I am really close to finishing this cabinet. I just had a few details left.
I started with the edge banding on the shelves. I grabbed a 2″ wide piece of oak and planed it down to 1/16″ thicker than my shelves. I set up the male edge banding cutter in the router table and ran the board through on both sides.
I then cut that board in half so I had the two shelf edges that I require. It is usually safer to cut your trim from a wider board, then rip it to size later. The next step was to load the female cutter and cut the receiving slot in my shelves.
I brushed glue evenly into the groove and clamped the trim into place.
When it was dry, I trimmed the wider edge band flush to the face of the shelf.
I also put a 1/8″ round-over bit in and rounded over the edges.
The shelves fit perfectly. The openings for the doors are just barely big enough to angle the shelves in. I did attach the center support with screws just in case they wouldn’t fit, but everything seems to work fine.
The last things to build are the doors. I ripped a 1/4″ wide groove along the inside edge of all of the frame pieces, on the table saw.
Then I cut the tounges on the horizontal pieces to fit that slot.
I cleaned the grooves with a narrow chisel and planed the tounges of the mating pieces to get as close a fit as possible.
The dry-fit looks good, so I moved on to the center panels.
I cut a 3/16″ deep x 1-1/2″ notch around the front of the panels.
Then I cut a 3/16″ x 1/4″ notch on the back.
I cleaned up the notches with my shoulder plane then dry-fit the panels.
They were a bit snug, but went together well. Snug is good because I still had to sand them down to get rid of the burn marks.
Once everything was sanded, I installed spacer foam to keep the panels from rattling, then applied glue to the last 4″ of each side groove.
I reassembled the doors and clamped them up.
I ran into a bit of an ego check when I placed my perfect doors into their homes. Holy crap, they were 2″ too narrow. I went back to my plans and immediately found the problem. The center panels were supposed to be 1′ 2-3/4″ and I made them 12-3/4″. Oh well, I wasn’t fond of that 2″ center support anyway…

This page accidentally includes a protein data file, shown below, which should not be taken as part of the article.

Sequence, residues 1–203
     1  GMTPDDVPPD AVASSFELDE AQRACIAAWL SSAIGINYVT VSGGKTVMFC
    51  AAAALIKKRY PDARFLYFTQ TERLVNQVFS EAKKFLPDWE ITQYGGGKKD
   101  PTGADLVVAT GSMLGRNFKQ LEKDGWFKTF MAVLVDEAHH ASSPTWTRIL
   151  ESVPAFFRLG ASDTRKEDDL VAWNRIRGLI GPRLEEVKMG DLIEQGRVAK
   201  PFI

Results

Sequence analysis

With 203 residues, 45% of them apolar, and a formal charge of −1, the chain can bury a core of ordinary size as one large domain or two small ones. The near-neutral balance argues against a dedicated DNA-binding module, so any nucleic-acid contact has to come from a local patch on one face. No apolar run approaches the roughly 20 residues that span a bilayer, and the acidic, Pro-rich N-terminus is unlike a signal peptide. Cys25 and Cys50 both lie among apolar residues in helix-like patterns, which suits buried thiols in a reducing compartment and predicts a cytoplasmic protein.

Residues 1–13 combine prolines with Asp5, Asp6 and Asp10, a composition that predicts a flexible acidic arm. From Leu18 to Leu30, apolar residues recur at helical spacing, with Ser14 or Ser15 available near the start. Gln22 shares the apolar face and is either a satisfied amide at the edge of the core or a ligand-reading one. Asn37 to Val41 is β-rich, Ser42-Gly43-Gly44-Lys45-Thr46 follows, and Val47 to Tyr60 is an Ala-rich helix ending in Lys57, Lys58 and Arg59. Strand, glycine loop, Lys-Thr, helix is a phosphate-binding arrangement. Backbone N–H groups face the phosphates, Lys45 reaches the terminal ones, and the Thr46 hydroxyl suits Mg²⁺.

I dug through my pile of oak until I found a 6-1/2″ wide piece and quickly milled it down to size and cut a groove for the shelf standard on the back side. After drilling out four pocket holes on each end, I attached the new center support.
Thankfully it looks like it was designed to be there…
With that small crisis averted, I moved onto door hardware. After installing the hinges I noticed that the doors rubbed slightly upon closing. I want them to look tight so I planed a slight back-angle to the side that faces the center support. Now it swings freely but looks tight to the frame.
After the door was hung, I attached the handles and the catches. Even installing the screws by hand and using pilot holes, I still had several screws break. Luckily I could move things around just slightly so the broken screws were not visible.
Finally everything was complete and ready for finish. Since I had so much trouble with the screws, I decided to mask off the hardware that was on the pre-finished areas, to prevent any more problems.
I did have to pull the hardware from the doors to apply urethane though.
Since I won’t have room to spray everything at once, I decided to do a few of the smaller pieces by hand. I laid out the doors and the new center support an applied the first coat. Hopefully the finishing will get done this week and I can make plans for delivery.